Like all supreme con artists, he did possess the knack of being in the right place at the right time, and of scraping acquaintance with the great. As I turned the pages, I was put in mind of a Gallic version of Harry Flashman: fast-talking and protean, covered with unearned glory and full of embellished traveler's tales from many plundered colonies. (Malraux preferred to imagine himself as T. E. Lawrence. Either analogy would be imperfect in one respect: Malraux was a heterosexual but seems often to have preferred food and drink to sex.)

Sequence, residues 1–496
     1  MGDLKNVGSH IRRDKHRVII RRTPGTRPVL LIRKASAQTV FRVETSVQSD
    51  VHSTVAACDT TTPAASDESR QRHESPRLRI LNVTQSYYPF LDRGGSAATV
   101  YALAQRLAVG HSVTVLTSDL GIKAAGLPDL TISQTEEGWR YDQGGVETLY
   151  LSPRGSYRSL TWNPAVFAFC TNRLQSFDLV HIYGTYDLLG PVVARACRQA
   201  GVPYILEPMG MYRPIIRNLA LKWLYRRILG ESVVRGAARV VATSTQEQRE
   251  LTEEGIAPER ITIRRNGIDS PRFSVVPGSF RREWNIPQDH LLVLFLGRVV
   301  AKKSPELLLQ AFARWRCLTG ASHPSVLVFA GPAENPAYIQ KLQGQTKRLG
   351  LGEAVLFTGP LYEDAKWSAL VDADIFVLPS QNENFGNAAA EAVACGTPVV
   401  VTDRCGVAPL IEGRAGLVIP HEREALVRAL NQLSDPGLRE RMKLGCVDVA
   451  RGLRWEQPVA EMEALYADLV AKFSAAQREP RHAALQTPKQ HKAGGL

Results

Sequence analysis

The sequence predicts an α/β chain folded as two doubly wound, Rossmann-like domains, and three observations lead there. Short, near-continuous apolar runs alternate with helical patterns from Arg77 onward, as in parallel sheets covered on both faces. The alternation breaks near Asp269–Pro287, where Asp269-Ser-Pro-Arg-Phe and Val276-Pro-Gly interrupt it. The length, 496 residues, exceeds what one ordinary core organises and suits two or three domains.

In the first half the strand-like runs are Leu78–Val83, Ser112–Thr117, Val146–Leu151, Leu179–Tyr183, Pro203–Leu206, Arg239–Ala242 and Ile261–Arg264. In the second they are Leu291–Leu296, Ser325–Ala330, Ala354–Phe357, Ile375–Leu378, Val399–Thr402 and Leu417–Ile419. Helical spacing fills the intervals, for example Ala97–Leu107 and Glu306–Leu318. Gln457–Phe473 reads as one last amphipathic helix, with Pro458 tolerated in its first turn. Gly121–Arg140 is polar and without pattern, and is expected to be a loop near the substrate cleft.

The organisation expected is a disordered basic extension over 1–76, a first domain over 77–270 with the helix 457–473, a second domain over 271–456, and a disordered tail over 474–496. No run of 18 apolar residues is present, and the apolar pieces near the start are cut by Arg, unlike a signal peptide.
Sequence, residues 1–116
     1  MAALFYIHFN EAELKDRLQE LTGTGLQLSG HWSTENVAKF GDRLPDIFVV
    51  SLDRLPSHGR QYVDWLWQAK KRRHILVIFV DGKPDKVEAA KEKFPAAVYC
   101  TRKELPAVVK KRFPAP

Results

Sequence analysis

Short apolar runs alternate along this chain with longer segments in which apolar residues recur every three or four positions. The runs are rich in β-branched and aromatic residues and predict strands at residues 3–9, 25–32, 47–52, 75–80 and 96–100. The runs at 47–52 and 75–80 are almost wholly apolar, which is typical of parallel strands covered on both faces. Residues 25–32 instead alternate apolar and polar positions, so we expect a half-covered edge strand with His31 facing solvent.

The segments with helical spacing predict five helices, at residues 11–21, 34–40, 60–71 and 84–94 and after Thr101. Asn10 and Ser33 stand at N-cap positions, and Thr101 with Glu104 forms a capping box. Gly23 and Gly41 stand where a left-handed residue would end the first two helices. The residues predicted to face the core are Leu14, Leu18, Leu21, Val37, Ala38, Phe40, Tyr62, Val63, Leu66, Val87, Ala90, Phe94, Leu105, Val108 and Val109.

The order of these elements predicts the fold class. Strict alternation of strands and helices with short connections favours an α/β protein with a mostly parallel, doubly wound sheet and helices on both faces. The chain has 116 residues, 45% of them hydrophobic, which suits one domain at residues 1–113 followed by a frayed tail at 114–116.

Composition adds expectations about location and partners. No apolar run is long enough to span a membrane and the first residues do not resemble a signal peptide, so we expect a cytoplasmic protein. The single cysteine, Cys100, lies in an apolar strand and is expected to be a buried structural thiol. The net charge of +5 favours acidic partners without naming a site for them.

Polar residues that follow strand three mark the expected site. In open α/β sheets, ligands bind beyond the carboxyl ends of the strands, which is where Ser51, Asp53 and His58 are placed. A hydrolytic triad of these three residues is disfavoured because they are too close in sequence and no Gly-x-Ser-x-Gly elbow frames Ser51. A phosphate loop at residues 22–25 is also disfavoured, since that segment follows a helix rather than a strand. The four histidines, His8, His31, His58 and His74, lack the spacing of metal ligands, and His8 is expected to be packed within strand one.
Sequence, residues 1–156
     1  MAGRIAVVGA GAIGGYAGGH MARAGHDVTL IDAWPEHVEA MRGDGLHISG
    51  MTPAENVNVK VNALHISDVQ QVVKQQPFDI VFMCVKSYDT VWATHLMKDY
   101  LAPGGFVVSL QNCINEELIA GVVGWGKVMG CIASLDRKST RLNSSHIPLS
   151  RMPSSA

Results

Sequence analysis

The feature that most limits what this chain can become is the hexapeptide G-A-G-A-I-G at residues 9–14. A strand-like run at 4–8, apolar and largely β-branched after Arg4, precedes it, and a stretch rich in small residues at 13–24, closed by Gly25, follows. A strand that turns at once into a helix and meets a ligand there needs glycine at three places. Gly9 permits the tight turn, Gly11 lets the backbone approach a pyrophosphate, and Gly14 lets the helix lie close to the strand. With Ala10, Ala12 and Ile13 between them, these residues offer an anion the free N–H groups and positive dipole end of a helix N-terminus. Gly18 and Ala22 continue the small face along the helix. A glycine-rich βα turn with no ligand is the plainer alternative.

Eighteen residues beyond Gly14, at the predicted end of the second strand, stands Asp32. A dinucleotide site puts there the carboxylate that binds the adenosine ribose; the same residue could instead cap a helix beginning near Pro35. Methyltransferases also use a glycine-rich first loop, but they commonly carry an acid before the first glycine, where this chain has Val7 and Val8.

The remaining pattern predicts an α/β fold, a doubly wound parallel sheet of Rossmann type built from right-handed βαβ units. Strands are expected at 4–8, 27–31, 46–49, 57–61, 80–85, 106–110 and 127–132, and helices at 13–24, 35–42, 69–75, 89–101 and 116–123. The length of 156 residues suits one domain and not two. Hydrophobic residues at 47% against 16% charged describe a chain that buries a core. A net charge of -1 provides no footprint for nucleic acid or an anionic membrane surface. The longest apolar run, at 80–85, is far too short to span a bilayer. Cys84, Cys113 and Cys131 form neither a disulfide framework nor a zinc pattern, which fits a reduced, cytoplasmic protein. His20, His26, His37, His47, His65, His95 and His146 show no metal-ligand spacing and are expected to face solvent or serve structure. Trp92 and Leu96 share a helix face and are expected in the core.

He was born in 1901 in Paris, the son of a small-time stockbroker. His first overseas adventure was the one that made him notorious: an expedition in 1923 to French-ruled Cambodia, during which he amputated priceless bits of sculpture and statuary from some ancient temples. Arrested and charged for this, he managed to induce quite a number of Parisian intellectuals and aesthetes, including André Gide and André Maurois, to take up his case as if it were an injustice being committed by the colonial authorities. Going even further than his fellow Andrés on behalf of another André, the Surrealist André Breton added, with magnificent condescension to the Cambodians, "Who in their homeland really cares about the preservation of these works of art?" The price for all this chutzpah was that Malraux then had to take up the cause of the colonial indigenes as if it really mattered to him. Moving to Saigon in the mid-1920's, he helped to produce a troublemaking newspaper, L'Indochine, which ventilated the many complaints of the Vietnamese about forced labor, land expropriation and police brutality.